After over a decade in the making, the Zeitz Museum of Contemporary Art from Africa is opening its doors on September 22.
Zeitz Museum of Contemporary Art from Africa exterior, designed by Thomas Heatherwick (photo by Iwan Baan)
CAPE TOWN — Africa has always enjoyed a rocky relationship with the interweb of commercial and cultural interests we know as the art world. Take ‘tribal art,’ an egregious category used for far too long to refer to the pilfered artwork from colonial conquests that ended up in the West, or the fact that contemporary art from Africa is still dogged by that geographical designation. Slow and steady though, the terms of engagement appear to be changing.
On Friday, September 22 in Cape Town, South Africa, the first museum dedicated to contemporary art borne of the continent will open its doors to the public. Dubbed Zeitz MOCAA (Museum of Contemporary Art from Africa), the museum aims to ensure “that the people of Africa can see some of the best artistic production from their continent … [so] that the discourse around art in Africa can be led by Africa.”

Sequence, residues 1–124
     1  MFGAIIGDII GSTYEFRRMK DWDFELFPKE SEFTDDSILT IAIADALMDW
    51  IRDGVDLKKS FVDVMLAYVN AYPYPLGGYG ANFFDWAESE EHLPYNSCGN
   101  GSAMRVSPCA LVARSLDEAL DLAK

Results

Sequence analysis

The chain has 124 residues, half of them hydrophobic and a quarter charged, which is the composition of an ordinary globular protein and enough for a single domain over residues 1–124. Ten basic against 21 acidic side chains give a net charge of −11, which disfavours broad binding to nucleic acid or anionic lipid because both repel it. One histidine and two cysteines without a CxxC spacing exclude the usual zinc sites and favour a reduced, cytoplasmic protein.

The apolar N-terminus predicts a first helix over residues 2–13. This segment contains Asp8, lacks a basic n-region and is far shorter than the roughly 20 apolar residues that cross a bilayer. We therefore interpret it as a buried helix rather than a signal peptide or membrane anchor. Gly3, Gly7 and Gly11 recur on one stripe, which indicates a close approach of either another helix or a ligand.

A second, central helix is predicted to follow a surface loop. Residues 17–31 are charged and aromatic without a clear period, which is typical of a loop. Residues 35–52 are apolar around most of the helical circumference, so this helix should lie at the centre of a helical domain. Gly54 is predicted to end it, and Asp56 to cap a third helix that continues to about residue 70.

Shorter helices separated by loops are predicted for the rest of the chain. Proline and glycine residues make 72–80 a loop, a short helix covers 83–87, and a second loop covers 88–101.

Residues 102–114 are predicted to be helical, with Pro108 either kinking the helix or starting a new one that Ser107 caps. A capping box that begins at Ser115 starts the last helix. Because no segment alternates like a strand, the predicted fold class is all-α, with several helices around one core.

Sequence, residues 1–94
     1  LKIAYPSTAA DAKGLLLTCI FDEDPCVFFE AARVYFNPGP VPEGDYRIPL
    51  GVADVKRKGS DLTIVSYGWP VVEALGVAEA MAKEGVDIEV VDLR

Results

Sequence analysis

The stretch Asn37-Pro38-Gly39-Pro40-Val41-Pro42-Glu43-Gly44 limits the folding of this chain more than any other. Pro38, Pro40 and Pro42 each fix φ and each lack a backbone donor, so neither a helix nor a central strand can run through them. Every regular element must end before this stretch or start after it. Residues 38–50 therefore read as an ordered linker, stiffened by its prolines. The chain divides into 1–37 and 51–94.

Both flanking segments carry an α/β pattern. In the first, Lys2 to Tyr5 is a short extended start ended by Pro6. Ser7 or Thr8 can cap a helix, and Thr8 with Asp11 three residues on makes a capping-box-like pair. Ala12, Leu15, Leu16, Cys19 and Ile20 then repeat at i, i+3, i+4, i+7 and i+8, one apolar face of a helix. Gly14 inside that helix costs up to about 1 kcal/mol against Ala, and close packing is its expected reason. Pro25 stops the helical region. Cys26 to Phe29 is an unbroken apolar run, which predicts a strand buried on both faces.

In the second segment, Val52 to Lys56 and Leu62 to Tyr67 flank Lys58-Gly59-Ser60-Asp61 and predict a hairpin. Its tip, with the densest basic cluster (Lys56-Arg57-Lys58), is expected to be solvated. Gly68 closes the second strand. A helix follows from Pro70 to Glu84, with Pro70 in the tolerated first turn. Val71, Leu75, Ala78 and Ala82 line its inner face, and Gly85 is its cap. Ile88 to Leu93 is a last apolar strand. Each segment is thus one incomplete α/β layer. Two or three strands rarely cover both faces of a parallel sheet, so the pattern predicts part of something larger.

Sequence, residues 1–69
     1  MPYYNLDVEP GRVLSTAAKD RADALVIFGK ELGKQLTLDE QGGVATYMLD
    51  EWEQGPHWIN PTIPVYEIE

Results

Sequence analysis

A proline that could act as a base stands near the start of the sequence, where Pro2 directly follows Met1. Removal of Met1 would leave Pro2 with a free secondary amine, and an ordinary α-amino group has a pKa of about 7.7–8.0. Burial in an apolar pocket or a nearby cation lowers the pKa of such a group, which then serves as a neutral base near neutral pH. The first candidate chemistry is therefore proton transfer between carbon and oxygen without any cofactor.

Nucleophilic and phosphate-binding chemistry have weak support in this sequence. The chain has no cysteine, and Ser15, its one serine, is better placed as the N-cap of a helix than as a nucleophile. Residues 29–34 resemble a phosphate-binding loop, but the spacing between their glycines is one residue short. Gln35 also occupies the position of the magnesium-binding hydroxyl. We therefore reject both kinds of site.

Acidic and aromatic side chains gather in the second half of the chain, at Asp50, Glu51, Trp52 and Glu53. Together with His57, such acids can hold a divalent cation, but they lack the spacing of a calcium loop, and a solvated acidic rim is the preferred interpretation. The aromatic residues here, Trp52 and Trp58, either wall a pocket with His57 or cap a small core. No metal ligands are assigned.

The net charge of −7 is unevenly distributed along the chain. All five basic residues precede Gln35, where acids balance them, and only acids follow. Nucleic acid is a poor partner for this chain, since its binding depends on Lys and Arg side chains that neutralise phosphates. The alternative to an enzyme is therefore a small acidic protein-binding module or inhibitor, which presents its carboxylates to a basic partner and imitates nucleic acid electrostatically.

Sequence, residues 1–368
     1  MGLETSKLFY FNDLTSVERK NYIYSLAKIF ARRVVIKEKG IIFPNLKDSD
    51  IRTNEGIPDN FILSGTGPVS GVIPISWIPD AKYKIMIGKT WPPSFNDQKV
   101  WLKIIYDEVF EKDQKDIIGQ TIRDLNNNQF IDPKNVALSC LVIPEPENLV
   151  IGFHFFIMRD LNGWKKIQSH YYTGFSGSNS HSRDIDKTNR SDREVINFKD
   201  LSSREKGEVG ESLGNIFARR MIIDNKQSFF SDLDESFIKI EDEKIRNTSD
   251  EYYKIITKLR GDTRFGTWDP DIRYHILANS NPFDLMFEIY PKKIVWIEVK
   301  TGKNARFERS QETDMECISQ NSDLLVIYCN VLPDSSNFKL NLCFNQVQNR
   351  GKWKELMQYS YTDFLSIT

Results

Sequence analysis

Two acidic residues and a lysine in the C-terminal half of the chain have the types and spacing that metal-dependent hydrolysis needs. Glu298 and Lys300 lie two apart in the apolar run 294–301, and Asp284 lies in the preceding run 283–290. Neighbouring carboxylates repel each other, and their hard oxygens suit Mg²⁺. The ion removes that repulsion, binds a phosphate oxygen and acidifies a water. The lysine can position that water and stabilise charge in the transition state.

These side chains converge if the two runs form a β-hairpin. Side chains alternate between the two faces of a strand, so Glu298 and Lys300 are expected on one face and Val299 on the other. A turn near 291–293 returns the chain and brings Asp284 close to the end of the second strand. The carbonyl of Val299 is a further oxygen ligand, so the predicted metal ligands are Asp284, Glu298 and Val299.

Zeitz MOCAA represents an effort over a decade in the making. It began in 2003, when Jochen Zeitz, then CEO of Puma, hired the South African-born curator of the Rubell Family Collection in Miami, Mark Coetzee, to oversee his company’s creative platform. In 2008, Coetzee curated one of the longest touring exhibitions in history of African-American artists from the Rubell Collection named 30 Americans. Spurred by that success, Coetzee soon began helping Zeitz build his own collection of contemporary art from Africa and its diasporas. Over the next nine years the pair took up this mission with vigor, sometimes acquiring entire shows with a view toward starting a museum of international repute. In that time, they also went about securing another critical piece of the puzzle required to realize such a vision: a building.
The historic Grain Silo Complex had long since blurred into the fabric of Cape Town’s harbor. Originally constructed in 1921, the 42 concrete tubes comprising the complex once housed massive amounts of maize awaiting distribution across the seas or inland where the grain forms a local staple. The complex was later declared a national monument, which helped to prevent its demolition long after it ceased to function. Over time, the surrounding harbor grew into a bustling commercial district known as the Victoria & Albert Waterfront, while the silos gathered dust. At least until Zeitz and Coetzee came along………..